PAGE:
Beltway Insider Looks At Egyptian Unrest & the Failure of U.S. Policy

This is from one of my e-correspondents who wants be to be known as an anonymous “observer inside the Beltway.” He is not just an observer; he has worked long in the Beltway, most likely within the State Department.
In this missive, “Insider” describes a U.S. foreign policy apparatus that is distressingly out-of-touch and manipulated by our very enemies. Our government has relied and is still relying on the Muslim Brotherhood — no friend to the United States, Israel, and Western civilization — for intelligence! “Insider” also points out what we already know — the collusion between the Left and Radical Islam.
Since “Insider” wrote this as a stream-of-consciousness e-mail — with many “beltway” bureacratese acronyms — instead of as a polished publishable piece, I did some very minor editing to enhance his writing.
~Eowyn

Some of us (in media, thinktanks, academia, government) have been in a running dialogue about the recent events in Lebanon, Tunisia and Egypt and the role of the Muslim Brotherhood. A theme has been the range of possible spill-on effects across the region, the Arab and Muslim world, and our allies and enemies near and far.  
For a recap, here’s the scoop on the Muslim Brotherhood (MB), al-Ikhwan al-Muslimin, or simply the ‘Ikhwan’ (brothers):
c. 1928, Egypt; supportive cooperators and combatants of Hitler (and Mussolini); fought in initial war against Israel; active in +- 89 countries; inspiration and/or parent of a working quorum of U.S. SDGTE’s (Specially Designated Global Terrorist Entities) to include AlQaeda, PIJ, Hamas, Egyptian Islamic Jihad, the Sudanese ruling front, etc.; established U.S. support network (CAIR, ISNA, MAS, CSID, and others, many of which, and their leaders/cadres, are indicted/unindicted co-conspirators or convicted, deported or fugitives in U.S. federal terrorism cases. This whilst the groups remain trainers and partners with the FBI, State, DHS, national law enforcement, chaplains in the US military and prison system, human rights commission members in many jurisdictions including NYC, etc.); Homologue apparatus exists in many countries of operation, to include major institutes, banks, Islamic movements and parties, e.g., that of MB senior Anwar Ibrahim and his family in Malaysia. 
Previous MB attempts to overthrow the Government of Egypt (GOE) include assassination attempts on Nasser and his PM (successful), Sadat (successful), and Mubarak. MB has access to billions of dollars of funds. Increasingly cooperative with shi’ite Iran/Hez’b’allah (Party of God), vice only Saudi/OIC and sunni dominated countries/groups.
MB’s End game goal: Establish the caliphate and achieve global governance under Islam.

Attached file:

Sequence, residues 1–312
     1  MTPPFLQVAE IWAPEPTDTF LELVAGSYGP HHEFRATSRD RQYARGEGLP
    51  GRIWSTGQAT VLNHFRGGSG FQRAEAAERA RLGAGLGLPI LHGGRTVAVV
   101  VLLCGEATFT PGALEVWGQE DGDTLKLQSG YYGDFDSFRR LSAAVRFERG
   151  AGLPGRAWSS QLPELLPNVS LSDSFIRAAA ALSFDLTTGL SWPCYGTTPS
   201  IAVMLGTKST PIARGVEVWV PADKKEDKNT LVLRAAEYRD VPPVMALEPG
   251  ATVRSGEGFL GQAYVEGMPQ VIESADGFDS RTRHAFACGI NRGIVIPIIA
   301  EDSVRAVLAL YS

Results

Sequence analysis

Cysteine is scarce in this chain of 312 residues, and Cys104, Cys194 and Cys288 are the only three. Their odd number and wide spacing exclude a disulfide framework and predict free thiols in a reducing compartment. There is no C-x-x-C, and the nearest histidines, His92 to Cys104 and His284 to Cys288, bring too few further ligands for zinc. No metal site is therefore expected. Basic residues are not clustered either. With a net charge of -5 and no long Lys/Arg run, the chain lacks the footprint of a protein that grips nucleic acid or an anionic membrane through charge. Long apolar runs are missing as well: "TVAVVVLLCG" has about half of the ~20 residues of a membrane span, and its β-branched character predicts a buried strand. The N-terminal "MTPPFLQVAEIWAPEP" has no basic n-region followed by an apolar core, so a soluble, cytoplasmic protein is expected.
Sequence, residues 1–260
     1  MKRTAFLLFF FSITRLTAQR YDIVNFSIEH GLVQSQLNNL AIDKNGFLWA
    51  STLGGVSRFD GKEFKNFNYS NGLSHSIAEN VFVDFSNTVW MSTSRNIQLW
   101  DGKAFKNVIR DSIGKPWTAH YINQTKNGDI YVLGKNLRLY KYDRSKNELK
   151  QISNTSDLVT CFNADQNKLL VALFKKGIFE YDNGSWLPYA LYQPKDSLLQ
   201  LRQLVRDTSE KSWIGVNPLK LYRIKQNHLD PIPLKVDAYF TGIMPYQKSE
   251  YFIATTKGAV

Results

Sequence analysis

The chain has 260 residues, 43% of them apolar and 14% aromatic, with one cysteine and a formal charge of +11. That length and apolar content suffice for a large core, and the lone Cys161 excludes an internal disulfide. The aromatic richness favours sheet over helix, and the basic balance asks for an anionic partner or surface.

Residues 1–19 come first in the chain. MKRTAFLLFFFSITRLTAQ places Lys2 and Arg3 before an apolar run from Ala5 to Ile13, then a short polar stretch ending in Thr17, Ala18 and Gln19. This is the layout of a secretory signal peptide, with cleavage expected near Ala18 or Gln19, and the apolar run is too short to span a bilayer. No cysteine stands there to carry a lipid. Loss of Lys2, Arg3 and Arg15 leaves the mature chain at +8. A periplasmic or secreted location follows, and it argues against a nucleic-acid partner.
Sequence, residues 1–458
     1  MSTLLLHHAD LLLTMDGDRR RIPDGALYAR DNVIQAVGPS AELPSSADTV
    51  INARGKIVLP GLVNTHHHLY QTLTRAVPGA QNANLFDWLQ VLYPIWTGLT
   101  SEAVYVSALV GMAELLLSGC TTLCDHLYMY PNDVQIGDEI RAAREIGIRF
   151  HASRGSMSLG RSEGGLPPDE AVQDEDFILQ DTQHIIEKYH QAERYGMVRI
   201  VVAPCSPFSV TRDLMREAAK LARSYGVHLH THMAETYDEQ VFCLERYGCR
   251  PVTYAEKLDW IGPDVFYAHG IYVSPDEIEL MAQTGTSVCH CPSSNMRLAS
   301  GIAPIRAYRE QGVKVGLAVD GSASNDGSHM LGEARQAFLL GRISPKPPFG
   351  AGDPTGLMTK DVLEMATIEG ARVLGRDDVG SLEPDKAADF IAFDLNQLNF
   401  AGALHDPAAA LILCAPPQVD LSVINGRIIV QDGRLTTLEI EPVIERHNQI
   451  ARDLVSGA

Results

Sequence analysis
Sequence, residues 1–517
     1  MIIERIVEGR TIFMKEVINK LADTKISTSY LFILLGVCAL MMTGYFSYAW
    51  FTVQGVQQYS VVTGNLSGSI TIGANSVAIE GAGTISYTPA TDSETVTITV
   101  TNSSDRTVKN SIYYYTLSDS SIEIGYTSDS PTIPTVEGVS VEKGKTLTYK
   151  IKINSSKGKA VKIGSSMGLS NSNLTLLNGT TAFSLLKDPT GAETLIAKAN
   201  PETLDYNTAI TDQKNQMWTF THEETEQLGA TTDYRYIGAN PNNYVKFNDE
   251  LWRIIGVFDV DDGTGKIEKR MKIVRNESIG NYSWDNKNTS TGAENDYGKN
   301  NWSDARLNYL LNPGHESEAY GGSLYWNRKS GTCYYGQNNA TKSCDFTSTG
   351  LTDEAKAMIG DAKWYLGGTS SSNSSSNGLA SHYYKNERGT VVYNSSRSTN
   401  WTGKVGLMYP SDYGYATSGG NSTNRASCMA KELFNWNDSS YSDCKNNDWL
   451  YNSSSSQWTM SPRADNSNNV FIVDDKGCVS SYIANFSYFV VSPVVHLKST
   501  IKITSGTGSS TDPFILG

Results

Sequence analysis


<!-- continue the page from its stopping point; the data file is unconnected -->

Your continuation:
MB’s Motto: the very democratic, moderate, pluralistic and inclusionary verses of:

Allah is our objective.
The Prophet is our leader.
Qur’an is our law.
Jihad is our way.
Dying in the way of Allah is our highest hope.

[For a reasonably fair and accurate, well footnoted summary, see the main MB Wikipedia entry, and notably MB original documents and US trial evidence in the footnotes.  http://en.wikipedia.org/wiki/Muslim_Brotherhood#cite_note-24.  Pro-MB authors (Leiken, Graham Fuller, others), are in the mix and a dance card is useful, but the overall picture emerges.] See also, www.GlobalMBreport.com
Irrespective of the accuracy of The Telegraph‘s story that the U.S. cleverly has been planning/aware of this effort in Egypt for 3 years, working with “democracy activists” — who are rather clearly the Muslim Brotherhood (for which there is significant evidence) — it serves at least to highlight unsettling trends. Not least re our inability, in our present state, to consider, contain or even react in any effective way to these events and effects — of which there seems to be endless permutations.  
It should be noted that the Obama Administration has been all over the map on the issue in recent days, to include contradictory statements by the Pres, VP, SecState, and spokesmen as to human rights, Tunisia, whether Mubarak is or isn’t a dictator, whether the GOE is stable, whether we will suspend US aid, whether we support Arab world “people’s” movements (no in Iran, yes in Tunisia, maybe in Egypt, etc.), whether the claims of such movements are legitimate or not, etc. Not to mention inconsistencies, silence, reversals on similar subjects in the case of Lebanon, Syria, China, Russia, Saudi Arabia, etc. Crisis management is not their forté and the Middle East has not been the scene of Administration victories. 
Re the “activists,” interlocutors and agents provocateur, aka, Muslim Brotherhood cadres: Virtually our whole approach to understanding of, and ‘outreach” to, the Arab and Muslim world, at home and abroad, has been contracted out — increasingly formally (funding, billets inside our decision and analytic loop, not just advisory, seats at tables, etc.) — to our enemies at home and abroad for years now, notably CIA, State, INR, and domestically — the Bureau, DHS, and the soft powers (NED, USIP).   Same for the UK.  The history of the UK and U.S. services, and others, over a long period stretching to the 1920-40’s, with the MB is another topic. Suffice it to say it is long and convoluted; but the point is that the engagement is of long standing, which might raise more questions than it answers.